GM cars to 'average' $10,200; far cry from '46 Chevy's $1,076
If recently announced price hikes by General Motors go into effect April 13 as scheduled, the average price of a GM car will top $10,200. That's right -- over $10,000!
How many people, looking over today's bright new showroom models, can recall those "good old days" when a Model T Ford sold for around $550 -- and the daily wage at the Ford River Rouge plant was $5 --
Pricing automobiles has always been a matter of controversy -- and not just in the local used-car lot.
As the final shots of World War II neared, a headline on an Aug. 3, 1945, story in this newspaper declared: '46 Car May Cost 20 Percent More.
Consumer prices had been under a tight lid during the war years. But when controls ended, the pressures of inflation were released. Workers struck in many industries, and prices zoomed.
In the fall of 1946 the list price of a Ford deluxe sedan was $1,131; a Lincoln $2,185. The Chrysler New Yorker could be bought for $1,841. The Chevrolet Fleetmaster cost $1,076; and a Buick series 40, $1,346. A Cadillac series 61 carried a price tag of $1,935. Remember the Packard 6? List price: $ 1,624.
The 1942 ceiling on a new Plymouth deluxe was $889, compared with $1,142 in 1946. And a Chevrolet Fleetmaster, $885 vs. $1,076.
As inflationary pressures built, Ford Motor Company bucked the trend in January 1947 by cutting its car prices from $15 to $50. Henry Ford II said at the time that he hoped such "shock treatment" would halt what he called the "insane spiral of mounting costs and rising prices."
The lowest-priced Ford, the deluxe 6 Tudor fell $2 under the cheapest Chevrolet.
If the new GM '81 price list sticks, the base four-door sedan Caprice Classic jumps from $7,731 to $7,890; the Citation (X car) from $6,404 to $6,523; and the subcompact Chevrolet Chevette, $5,294 to $5,399.
An Oldsmobile Delta 88 Royale four-door sedan with a base price of $8,341 will approach the $10,200 figure if equipped with may of the popular options these days. Automatic transmission and power steering/brakes are standard. Air conditioning goes for $665; AM/FM stereo radio $178, power windows $224, rear-window defogger $115, electric door locks $142, tinted glass $95, cruise control $145, tilt steering $88, steel-belted radial tires $60, and front and rear floor mats $25.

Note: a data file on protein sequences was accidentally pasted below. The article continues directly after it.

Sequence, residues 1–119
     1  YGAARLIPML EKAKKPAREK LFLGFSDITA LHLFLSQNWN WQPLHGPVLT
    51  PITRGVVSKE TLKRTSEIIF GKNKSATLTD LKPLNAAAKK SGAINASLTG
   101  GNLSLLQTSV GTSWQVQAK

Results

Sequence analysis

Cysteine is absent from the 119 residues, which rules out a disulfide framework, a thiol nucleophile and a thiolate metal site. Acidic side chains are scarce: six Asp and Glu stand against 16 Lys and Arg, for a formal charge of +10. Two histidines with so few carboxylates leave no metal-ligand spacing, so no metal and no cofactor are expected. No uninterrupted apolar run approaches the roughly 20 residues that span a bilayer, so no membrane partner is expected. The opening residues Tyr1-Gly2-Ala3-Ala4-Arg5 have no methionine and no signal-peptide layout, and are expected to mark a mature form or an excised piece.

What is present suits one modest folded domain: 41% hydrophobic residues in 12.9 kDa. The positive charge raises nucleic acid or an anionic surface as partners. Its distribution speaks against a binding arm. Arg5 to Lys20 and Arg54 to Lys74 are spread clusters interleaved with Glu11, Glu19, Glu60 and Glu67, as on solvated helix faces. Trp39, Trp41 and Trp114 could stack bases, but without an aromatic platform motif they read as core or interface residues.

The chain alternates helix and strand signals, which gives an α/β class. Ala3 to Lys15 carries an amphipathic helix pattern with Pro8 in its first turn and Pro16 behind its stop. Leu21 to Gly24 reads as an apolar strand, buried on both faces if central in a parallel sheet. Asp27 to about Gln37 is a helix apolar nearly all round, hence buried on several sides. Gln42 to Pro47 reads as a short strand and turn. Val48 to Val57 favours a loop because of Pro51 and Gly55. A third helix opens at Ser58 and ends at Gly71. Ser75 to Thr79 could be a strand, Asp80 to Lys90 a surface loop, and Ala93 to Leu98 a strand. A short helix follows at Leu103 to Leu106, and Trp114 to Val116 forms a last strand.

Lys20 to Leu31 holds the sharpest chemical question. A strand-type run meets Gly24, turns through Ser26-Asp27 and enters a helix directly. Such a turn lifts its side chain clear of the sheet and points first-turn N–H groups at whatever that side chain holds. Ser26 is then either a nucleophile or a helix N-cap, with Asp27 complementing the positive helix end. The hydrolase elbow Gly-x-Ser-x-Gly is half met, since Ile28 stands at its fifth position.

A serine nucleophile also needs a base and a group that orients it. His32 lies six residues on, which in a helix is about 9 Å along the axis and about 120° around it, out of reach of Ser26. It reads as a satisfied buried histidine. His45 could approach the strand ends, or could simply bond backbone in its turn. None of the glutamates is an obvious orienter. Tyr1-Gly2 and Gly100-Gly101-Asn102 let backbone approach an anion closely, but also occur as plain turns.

The biggst price jump of all is $890 on the top-of-the-line, diesel-fueled Cadillac Seville --years ago at half that price, although it did switch to front-wheel drive when it was totally redesigned 18 months ago.
Ford and Chrysler, at this writing, are watching the price situation and trying to decide what to do.
"Ford would love not to boost prices," says Raymond Windecker, a market analyst with the company, "but it is trying to figure out whether it can afford not to jump prices."
Import prices also are soaring, with three of the Japanese makes boosting the list in the last couple weeks. Datsun raised US prices on its cars and trucks an average of $238, or 3.3 percent, which is right in step with the projected 3. 5 percent price rise by GM. The Datsun price hike on cars runs from $150 to $ 596.
GM stoutly defends its price action, saying that car prices have long lagged behind the escalation in the cost of living in the US. With 1967 as the base year of 100, asserts a GM spokesman, the consumer price index had climbed to 251 .7 by September 1980. The new-car component, by contrast, was 181.7.
Automakers argue that cars still are cheaper in the US than anywhere else in the world. The basic Ford Escort lists at $5,158 in the US, but in Europe it costs almost $9,000, says Mr. Windecker.
"It's not just that cars are lower-priced in the US than they are in other countries," he adds, "but US wages are higher than in most countries as well."
Another point carmakers today are trying to make is that the 1981 automobile bears little resemblance to the cars of the '50s, '60s, or even the '70s.
Also, carmakers assert, it takes Americans fewer hours of labor today to earn the price of a car than it did in the 1950s and '60s.
A Bureau of Labor Statistics report last year said that in 1950 it took 8.1 months of work for the average person earn the price of a new car. In 1960 the period had fallen to 6.2 months; in 1970 the figure was 4.5 months.
"The best estimate I can make for 1981," says Windecker, "is 4.4 months."
Nonetheless, the domestic carmaker's practice of boosting prices every three months has run smack into a wall consumer shock and distrust. The projected GM increase is the fourth price boost by the company on its 1981 cars, with the cumulative rise since last fall more than $900.
Many observers were stunned by the GM price boost in an unstable market and at a time when Ford, Chrysler, and the United Automobile Workers are pressing for US curbs on the import of Japanese cars.
Opponents of such a move argue that if Japanese cars are kept from coming into the US, consumers will pay even higher prices for the autos.
The final word is yet to be heard from GM --